Arca – Xen
There was a certain malleability to Alejandro Ghersi’s early tracks as Arca, released on UNO in 2012, made all the more explicit by being collected under two numbered EPs called Stretch. He was pegged as a hip hop producer of sorts, leading to work with Kanye West and FKA Twigs, but the real reason for his music sounding like rubber was something much more personal. “It was about different voices that came from completely different parts of my mind or my heart, shouting at each other in this crowded room,” Alejandro Ghersi recently told The Fader recently. “Kind of settling into your body sexually. It was a lot about flexibility and elasticity, things wrapping around themselves in a very charged way.”
Much like those first two EPs, written shortly after he came out, Ghersi’s debut album, Xen, is concerned with questions of identity and sexuality. Xen is the figure depicted on the cover by Ghersi’s regular visual collaborator Jesse Kanda, a fictional alter ego of the producer described by Kanda to The Fader as Ghersi’s “sassy, confident, very feminine side”. Though Xen’s form has recognisably female features, Ghersi explained that “Xen is not really a boy and it’s not really a girl, and her mere existence is kind of repulsive and attractive at once, and so I imagine her under a spotlight, in this room full of people just staring, wide-eyed, openmouthed.”
Growing up in Venezuela, Ghersi feared people discovering he was gay due to the prevailing attitudes against homosexuality, and it’s difficult not to imagine Ghersi as the figure under the spotlight. Xen isn’t a coming out album, but its subject feels even more personal: an attempt to explore his own gender identity. Most artists writing an album about such a personal subject matter would approach it through lyrics, but Ghersi uses the album to explore his alter ego through sound, texture and melody alone. It’s a fairly ambitious undertaking; one also requiring an appreciation of Kanda’s visual work as an equal part of the package.
This isn’t to say language is absent from the 15 tracks. Throughout Xen it feels as if Ghersi is creating a new vocabulary through sound, forming a sonic language only he understands how to use. While his music fits comfortably into the same glossy digital landscape as artists like Oneohtrix Point Never, M.E.S.H. and Dutch E Germ, the reference points are often bent, squashed or swallowed whole. There’s a internal logic operating throughout the structure of the music of Xen that’s very difficult to unpick; the rhythm and piano sample on “Thievery” for example might ground the track in hip hop, but the extraterrestrial synth melodies engulfing it make it hard to tell if there’s really any structure at all, or if it’s a trick of perception. It’s a definite shift from the earthy, smoky beats of his Stretch EPs, where structures were much more clearly defined.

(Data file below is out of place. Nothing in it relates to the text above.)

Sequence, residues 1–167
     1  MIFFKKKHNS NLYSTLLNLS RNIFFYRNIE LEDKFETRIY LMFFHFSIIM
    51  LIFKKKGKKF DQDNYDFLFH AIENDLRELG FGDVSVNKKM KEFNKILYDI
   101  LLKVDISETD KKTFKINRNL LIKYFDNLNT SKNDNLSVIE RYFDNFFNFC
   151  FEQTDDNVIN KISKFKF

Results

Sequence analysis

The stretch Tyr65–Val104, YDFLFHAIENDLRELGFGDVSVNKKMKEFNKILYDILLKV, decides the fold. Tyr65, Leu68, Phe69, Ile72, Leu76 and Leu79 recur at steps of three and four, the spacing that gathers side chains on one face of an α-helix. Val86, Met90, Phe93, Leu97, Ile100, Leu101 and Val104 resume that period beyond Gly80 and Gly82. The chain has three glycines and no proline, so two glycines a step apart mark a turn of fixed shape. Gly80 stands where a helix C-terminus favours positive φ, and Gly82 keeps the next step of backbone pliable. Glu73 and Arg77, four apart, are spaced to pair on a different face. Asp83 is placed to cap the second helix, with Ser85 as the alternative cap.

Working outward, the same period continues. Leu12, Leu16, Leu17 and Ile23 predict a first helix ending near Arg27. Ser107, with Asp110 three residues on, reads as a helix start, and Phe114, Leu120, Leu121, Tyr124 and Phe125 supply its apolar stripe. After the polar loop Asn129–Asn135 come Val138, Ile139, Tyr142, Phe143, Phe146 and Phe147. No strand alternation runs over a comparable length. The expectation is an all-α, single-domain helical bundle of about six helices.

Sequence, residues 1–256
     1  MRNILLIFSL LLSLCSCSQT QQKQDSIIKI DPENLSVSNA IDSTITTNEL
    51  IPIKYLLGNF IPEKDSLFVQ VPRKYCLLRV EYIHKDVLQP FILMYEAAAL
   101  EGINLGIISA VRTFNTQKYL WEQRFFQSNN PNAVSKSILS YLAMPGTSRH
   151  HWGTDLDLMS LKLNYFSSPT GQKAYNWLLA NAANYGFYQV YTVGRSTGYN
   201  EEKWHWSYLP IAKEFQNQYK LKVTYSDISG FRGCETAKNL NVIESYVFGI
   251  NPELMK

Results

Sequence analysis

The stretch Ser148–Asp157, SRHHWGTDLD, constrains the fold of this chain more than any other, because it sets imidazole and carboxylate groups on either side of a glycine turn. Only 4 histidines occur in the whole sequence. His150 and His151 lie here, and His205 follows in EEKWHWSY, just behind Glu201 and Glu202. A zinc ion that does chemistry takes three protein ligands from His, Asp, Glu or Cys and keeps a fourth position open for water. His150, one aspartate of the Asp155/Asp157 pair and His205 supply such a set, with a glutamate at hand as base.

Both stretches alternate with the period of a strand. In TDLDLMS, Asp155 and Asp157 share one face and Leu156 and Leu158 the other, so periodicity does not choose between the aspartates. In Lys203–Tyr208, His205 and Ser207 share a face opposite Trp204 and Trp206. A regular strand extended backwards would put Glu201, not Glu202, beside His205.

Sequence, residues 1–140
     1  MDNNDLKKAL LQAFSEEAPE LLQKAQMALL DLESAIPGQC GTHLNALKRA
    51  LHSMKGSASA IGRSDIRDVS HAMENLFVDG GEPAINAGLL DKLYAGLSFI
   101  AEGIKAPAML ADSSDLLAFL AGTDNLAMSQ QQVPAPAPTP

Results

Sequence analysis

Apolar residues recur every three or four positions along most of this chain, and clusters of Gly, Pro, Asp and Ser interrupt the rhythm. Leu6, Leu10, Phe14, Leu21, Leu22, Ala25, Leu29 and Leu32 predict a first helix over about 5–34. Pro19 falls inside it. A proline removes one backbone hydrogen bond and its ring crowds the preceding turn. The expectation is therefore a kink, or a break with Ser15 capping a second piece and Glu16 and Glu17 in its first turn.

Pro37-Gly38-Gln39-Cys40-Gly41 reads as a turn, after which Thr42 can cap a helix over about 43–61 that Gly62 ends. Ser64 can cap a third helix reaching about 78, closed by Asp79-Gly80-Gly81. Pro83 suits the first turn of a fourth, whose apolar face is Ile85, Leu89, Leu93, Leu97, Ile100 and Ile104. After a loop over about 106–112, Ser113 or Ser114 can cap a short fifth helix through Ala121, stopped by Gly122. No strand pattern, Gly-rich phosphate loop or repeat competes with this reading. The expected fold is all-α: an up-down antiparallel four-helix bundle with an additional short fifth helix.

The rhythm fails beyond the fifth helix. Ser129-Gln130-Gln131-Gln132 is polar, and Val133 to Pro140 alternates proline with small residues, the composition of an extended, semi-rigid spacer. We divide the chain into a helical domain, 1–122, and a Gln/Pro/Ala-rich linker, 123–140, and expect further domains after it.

If there’s a criticism to be made of Xen, it’s that it’s hard to take everything in. Many tracks are under the three-minute mark, packing a multitude of ideas that are dispensed with as soon as they’re used. Opener “Now You Know” for example, is the sound of trying to walk through epoxy resin in an extraterrestrial rainforest while an ice cold stream rushes around your head. The sudden shift to the simple piano lament of “Held Apart” and swiftly rotating synth blasts of “Xen” are disorientating, but these fluctuations feel an appropriate way to reflect the complex range of emotions Ghersi is trying to convey.
Xen is filled with these moments of fear and melancholy, but the overwhelming feeling that comes from listening to Xen is one of elation. Ghersi has said that he made Xen in states he “didn’t really have full control over,” and there’s a sense of the music flooding out cathartically rather than simply being constructed as blocks in a sequencer. It’s often just fleeting moments that reflect this; the swelling synth sweep halfway through “Sad Bitch”, the dancing strings of “Sisters” and tumbling baroque melody of “Slit Through.” The sounds may be glossy, digital and verging on holographic, but Ghersi’s ability to imbue his music with such subtlety is enough to help you forget it’s from a computer.
It seems odd that an album so concerned with identity – and that addresses it in such a proud manner – has had its artwork censored on the version sent to streaming services and digital download stores. Xen may be an imaginary figure depicted by Kanda on the cover, but someone, somewhere decided her nipples and pubic region could prove offensive, and unless you buy the physical version, they’re pixelated out. It’s an act of censorship that unwittingly reveals an uncomfortable truth: most people aren’t quite ready to be confronted with the gender identity issues Kanda explores in Xen. Immerse yourself the unbridled joy Ghersi conveys throughout, and you’ll see just how absurd that is.
1. Now You Know
2. Held Apart
4. Sad Bitch
6. Slit Thru
8. Family Violence
10. Lonely Thugg
13. Bullet Chained